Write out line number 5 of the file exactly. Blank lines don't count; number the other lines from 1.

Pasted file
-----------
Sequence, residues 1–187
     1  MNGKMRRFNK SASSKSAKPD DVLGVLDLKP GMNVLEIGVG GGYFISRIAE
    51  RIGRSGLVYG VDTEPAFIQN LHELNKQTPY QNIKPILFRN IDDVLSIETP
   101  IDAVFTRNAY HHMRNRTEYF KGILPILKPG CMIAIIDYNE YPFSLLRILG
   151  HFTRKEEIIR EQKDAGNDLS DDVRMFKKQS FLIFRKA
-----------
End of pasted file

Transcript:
   151  HFTRKEEIIR EQKDAGNDLS DDVRMFKKQS FLIFRKA